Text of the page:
How To… Sheet Metal Cutting Part 1

Pocket Guide to Sheet Metal Cutting…

Obviously this hasn’t been written in gospel! More as a quick guide and overview of some sheet metal cutting tools available on the market.

In this section (part 1) we will be looking at hand cutting options, in part 2 we will discuss mechanised sheet metal cutting using cutting tables and beds.
Feel free to add any comments of your own experiences!

Each has it’s own place and may be good for one thing but not another…

Hand held cutting:

Air Nibbler – Amazing tool for cutting sheet metal – must be fairly flat and works best for cutting tight curves (although with a straight edge, it can be kept in a fairly straight line). Great tool, yet limited usefullness and leaves a lot of crescent shaped filings everywhere.

Air Shears – Very good for cutting straight lines with, so smooth it feels like you are cutting paper, and they remove a 1/4″ or so of material where the jaws intersect. They can handle slight curves, but don’t handle ridges very well. Sometimes preferred to aviation snips as the two outer jaws keep the material from bending, the middle jaw just pulls out the cut material. Does leave a smooth finish upon completion.

Air Body Saw – Another amazing tool, cuts through body metal like a hot knife in butter, but is very hard on your hands with the vibrations! Recommended for smooth freehand curves, yet you can get other tools that are smoother and doing the same job. Also works fairly well on surfaces that aren’t smooth.

Air Angle Grinder – Very good for cutting with freehand, but edges of metal had to be smoothed more than other tools (i.e. burrs filed down later). Great for ridges and metal than wasn’t very smooth. Using ultra thin cutting discs, this is a very versatile tool and can be used on both sheet and plate.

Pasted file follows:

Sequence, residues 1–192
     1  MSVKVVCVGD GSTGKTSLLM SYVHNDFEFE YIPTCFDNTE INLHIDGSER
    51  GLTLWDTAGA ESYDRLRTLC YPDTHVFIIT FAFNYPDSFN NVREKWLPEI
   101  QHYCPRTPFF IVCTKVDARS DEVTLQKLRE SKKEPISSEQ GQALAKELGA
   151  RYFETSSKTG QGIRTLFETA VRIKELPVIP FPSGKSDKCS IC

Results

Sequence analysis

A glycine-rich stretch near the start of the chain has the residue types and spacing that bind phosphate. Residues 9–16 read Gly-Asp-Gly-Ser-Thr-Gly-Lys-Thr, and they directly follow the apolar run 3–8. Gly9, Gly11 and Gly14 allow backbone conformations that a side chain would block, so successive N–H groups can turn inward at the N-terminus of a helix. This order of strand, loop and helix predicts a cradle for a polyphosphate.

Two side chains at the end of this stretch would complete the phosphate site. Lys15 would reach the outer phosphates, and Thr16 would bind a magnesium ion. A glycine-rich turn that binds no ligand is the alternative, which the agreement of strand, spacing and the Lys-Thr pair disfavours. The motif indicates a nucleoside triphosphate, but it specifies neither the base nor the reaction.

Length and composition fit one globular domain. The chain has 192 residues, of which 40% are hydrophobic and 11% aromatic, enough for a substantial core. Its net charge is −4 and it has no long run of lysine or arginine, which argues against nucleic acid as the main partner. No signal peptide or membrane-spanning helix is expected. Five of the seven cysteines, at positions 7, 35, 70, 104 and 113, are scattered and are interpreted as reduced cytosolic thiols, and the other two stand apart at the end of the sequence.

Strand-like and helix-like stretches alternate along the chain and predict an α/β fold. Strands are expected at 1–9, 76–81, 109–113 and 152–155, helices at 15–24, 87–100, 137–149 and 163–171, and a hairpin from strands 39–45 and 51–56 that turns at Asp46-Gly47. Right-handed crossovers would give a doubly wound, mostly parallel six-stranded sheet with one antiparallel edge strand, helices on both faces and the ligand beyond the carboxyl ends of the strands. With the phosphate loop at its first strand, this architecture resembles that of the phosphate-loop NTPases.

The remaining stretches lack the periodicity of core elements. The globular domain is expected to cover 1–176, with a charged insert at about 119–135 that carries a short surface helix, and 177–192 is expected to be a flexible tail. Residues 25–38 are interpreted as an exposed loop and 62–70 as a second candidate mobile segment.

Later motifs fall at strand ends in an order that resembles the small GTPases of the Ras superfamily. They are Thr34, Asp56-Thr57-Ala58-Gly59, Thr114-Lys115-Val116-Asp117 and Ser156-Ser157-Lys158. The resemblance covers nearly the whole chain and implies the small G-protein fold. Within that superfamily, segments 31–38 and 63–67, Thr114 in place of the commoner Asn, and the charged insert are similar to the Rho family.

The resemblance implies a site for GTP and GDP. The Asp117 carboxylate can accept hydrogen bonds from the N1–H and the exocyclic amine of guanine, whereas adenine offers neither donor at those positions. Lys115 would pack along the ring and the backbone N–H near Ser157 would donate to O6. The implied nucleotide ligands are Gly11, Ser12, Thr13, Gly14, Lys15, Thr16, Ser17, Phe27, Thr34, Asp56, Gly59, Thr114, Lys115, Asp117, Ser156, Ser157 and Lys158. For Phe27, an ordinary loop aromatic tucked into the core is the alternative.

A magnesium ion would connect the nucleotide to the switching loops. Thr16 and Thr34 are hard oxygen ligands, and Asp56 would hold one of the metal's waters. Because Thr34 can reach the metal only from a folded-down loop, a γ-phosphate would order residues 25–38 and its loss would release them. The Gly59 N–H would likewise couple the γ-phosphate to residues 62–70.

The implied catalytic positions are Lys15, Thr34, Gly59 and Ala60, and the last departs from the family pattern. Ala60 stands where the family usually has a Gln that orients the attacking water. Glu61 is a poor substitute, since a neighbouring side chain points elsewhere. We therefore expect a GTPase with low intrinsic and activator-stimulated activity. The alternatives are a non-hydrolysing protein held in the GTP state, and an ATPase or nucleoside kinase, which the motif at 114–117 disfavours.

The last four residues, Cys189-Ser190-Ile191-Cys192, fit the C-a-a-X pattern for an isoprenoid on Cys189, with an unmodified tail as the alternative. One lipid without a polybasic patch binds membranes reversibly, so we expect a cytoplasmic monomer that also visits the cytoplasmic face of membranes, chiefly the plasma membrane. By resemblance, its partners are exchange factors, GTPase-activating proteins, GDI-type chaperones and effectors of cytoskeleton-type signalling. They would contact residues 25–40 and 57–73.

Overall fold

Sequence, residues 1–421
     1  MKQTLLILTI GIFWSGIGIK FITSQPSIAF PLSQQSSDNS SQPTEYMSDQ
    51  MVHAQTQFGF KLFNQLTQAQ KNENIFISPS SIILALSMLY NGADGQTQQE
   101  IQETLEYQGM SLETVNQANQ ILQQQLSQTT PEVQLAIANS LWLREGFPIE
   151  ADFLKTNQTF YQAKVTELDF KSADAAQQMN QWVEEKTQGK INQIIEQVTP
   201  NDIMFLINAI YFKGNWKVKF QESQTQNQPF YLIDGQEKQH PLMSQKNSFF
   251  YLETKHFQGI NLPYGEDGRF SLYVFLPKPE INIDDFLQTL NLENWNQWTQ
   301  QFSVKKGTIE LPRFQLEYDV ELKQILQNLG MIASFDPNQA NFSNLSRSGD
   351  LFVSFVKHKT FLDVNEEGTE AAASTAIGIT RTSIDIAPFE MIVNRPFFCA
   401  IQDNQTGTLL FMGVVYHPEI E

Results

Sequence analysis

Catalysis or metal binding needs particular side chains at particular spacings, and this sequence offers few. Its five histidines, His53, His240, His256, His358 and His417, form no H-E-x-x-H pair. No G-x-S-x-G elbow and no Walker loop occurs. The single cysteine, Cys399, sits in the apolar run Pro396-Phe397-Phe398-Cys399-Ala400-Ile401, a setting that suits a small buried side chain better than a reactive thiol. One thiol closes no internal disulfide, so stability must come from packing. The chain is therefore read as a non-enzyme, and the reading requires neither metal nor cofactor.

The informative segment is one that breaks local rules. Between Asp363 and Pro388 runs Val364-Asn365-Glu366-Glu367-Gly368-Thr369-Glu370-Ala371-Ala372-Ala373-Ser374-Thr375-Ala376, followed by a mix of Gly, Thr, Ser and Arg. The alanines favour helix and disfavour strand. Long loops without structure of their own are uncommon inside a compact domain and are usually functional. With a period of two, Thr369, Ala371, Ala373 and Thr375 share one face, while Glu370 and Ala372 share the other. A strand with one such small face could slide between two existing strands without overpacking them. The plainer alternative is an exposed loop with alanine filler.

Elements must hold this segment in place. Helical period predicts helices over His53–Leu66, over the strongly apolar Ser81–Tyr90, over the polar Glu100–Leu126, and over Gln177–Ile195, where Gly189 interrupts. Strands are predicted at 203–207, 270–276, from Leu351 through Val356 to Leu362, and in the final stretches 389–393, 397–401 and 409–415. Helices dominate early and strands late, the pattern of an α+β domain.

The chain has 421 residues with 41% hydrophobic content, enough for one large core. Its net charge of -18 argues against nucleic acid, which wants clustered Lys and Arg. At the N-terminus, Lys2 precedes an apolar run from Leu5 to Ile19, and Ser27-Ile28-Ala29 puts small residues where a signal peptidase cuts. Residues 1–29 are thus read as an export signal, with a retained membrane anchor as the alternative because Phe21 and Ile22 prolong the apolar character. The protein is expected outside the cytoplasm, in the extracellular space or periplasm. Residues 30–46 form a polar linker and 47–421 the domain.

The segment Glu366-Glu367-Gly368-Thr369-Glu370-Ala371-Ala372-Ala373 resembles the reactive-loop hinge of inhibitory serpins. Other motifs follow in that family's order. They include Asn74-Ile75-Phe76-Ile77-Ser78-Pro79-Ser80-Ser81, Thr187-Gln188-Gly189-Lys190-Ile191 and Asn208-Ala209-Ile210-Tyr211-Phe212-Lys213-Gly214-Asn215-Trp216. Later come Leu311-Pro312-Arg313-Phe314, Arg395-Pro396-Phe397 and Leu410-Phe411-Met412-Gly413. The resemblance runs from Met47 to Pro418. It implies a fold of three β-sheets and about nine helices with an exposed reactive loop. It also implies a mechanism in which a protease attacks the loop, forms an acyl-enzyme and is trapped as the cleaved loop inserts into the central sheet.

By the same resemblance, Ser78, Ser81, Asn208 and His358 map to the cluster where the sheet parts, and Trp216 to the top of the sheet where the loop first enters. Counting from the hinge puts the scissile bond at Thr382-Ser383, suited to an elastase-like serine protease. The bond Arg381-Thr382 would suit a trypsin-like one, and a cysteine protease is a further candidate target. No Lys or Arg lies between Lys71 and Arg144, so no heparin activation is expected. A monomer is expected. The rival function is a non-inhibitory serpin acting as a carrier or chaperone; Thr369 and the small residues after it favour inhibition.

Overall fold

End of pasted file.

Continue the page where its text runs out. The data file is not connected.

Aviation Snips – Great for fine tuning things, quick to trim things up that just don’t fit right, and besides the cramping in the hands when used for too long… they are a tried and true tool that can be used for almost anything on thin steel up to around 1mm.

Chop Saw – Will cut solid and hollow sections, however only really good for rough cutting.

Metal Bandsaw – Good for cutting out components on sheet metal prior to assembly.

Plasma Cutter – Best tool available if you have a healthy budget, very good cut quality on thin and thicker metal plate, and is available with different torch angles for ease of use. Easy on the eye and on the body as breezes through with little effort compared with some cutting equipment.

You can pick up some great advice from a variety of internet forums and groups, such as,, and The Metal Cut Blog

The below video I found on YouTube shows a few different ways of cutting steel too (also from the Metal School Blog) that may be useful! Click the picture to go through…

How to Cut Steel

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